De retoriek van de Republiek. Parrhesia in de verwikkelingen rond Vondels Palamedes (1625)

Marrigje Paijmans


By means of the allegorical tragedy Palamedes (1625), Vondel accused stadholder Maurits of the unlawful execution of Johan van Oldenbarnevelt in 1619. Vondel’s appeal to truth can be considered as genuine revelation or as rhetorical ploy. This tension between authenticity and rhetoric sets the theoretical framework of parrhesia (frank speech), developed by the late Michel Foucault (1978-1984). Following Foucault, Vondel’s truth claim becomes visible as the symptom of a ‘crisis of truth’ in the Dutch Republic, where political discourse, due to its decentralised structure, was unable to produce ‘truth’ for the well-being of the state. As a result political deadlocks formed a recurring problem; the seventeenth century is punctuated with examples of – predominantly – the stadholder bypassing politics by apolitical means. Analysing the power processes of 1618-1619 and 1625 in terms of discourse, their resonance in Vondel’s Palamedes can be made visible. The primary aim of this article is to demonstrate how the motif of parrhesia in the paratext of Palamedes can be related to the structural confrontation between discourses in the Dutch Republic. To do so, I will successively analyse the paratext of Palamedes, the social network behind the publication, and the political constellation of 1625. I will, in turn, feed back the results to the paratext and show how the sequence of deadlocks and break-throughs in Dutch politics resonates in the text as an allegorical dynamics of concealment and revelation. On a methodological level I aim to demonstrate the relevance of Foucault’s concept of parrhesia for the analysis of texts that functioned in the political discourse of the Dutch Republic and which made an appeal to truth. Accordingly, this study will contribute a historical perspective on twenty-first century political discourse, where parrhesia is again gathering momentum.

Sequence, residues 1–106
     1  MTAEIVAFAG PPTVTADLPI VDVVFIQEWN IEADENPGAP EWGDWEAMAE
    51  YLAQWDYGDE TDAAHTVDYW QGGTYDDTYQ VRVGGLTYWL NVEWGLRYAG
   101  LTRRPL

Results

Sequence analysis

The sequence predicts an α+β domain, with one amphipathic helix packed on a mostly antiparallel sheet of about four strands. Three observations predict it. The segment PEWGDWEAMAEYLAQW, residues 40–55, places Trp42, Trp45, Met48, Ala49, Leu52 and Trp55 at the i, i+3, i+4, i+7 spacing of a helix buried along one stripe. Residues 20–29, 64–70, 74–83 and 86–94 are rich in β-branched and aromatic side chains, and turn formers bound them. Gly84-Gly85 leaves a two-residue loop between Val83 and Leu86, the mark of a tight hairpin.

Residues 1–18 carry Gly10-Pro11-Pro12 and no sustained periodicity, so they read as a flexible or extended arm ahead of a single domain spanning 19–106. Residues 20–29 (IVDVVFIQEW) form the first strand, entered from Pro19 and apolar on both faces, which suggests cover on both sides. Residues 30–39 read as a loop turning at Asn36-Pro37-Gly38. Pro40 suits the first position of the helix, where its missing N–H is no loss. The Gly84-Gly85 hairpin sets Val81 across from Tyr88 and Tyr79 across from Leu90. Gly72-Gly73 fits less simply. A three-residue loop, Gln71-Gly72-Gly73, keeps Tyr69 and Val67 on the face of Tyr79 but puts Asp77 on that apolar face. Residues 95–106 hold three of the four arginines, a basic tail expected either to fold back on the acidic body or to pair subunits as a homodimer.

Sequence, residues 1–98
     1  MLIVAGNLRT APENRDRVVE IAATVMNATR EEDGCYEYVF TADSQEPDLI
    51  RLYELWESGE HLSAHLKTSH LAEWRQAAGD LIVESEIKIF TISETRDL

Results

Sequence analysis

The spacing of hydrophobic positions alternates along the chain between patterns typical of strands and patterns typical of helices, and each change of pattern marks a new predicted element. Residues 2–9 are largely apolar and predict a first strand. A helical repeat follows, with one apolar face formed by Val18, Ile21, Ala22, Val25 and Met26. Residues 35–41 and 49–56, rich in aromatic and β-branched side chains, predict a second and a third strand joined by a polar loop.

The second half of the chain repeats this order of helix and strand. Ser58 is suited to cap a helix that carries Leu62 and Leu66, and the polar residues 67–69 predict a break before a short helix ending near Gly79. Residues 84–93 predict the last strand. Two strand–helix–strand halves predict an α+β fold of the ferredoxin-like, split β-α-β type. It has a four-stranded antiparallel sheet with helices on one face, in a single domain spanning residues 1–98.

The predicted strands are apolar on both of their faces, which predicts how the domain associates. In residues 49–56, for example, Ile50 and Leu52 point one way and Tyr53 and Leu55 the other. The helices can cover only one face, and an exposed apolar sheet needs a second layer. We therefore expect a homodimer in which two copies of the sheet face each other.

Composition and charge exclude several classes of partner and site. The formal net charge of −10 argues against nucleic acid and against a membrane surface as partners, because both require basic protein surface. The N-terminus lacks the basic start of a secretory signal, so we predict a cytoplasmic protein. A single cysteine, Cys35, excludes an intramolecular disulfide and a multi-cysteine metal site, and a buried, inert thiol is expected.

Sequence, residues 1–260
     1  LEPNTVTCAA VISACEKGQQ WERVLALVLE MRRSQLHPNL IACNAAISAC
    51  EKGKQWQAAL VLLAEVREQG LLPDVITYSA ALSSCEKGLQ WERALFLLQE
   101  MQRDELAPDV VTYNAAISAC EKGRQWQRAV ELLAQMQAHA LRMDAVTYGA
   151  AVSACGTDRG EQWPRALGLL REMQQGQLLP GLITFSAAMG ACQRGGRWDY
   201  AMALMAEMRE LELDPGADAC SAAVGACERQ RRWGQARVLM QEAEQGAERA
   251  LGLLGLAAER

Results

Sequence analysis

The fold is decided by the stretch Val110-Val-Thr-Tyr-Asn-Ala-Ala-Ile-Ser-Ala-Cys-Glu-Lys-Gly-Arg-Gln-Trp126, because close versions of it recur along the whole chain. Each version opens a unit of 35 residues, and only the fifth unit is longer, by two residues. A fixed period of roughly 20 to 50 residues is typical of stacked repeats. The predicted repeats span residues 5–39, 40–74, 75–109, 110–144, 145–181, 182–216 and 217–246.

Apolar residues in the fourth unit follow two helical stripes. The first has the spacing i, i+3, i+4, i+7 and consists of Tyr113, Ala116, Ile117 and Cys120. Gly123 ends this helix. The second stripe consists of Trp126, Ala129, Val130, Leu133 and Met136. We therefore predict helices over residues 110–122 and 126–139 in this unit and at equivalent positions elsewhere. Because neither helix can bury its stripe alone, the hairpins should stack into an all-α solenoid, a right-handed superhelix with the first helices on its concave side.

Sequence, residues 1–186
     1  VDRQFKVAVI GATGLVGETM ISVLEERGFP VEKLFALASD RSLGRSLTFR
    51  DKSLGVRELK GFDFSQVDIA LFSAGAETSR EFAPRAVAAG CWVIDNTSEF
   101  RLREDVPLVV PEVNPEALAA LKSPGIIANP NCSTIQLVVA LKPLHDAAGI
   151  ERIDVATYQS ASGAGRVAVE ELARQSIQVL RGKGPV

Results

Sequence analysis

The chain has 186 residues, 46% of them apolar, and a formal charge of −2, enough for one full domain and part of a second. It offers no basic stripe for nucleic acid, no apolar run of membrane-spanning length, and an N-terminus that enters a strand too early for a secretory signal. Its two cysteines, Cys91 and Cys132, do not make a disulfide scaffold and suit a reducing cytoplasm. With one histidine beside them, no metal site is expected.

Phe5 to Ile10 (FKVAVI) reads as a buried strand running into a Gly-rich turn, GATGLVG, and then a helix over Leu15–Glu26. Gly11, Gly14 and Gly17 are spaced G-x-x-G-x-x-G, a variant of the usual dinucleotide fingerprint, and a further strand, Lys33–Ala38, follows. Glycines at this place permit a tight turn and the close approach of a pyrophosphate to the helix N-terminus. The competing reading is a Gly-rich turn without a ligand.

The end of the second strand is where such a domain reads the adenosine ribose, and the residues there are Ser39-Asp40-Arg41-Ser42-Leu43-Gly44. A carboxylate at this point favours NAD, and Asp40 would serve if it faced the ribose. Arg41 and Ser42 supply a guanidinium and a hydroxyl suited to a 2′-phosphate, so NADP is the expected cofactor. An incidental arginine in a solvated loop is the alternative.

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© Tijdschrift voor Nederlandse Taal- en Letterkunde | ISSN (print): 0040-7550 | eISSN (online): 2212-0521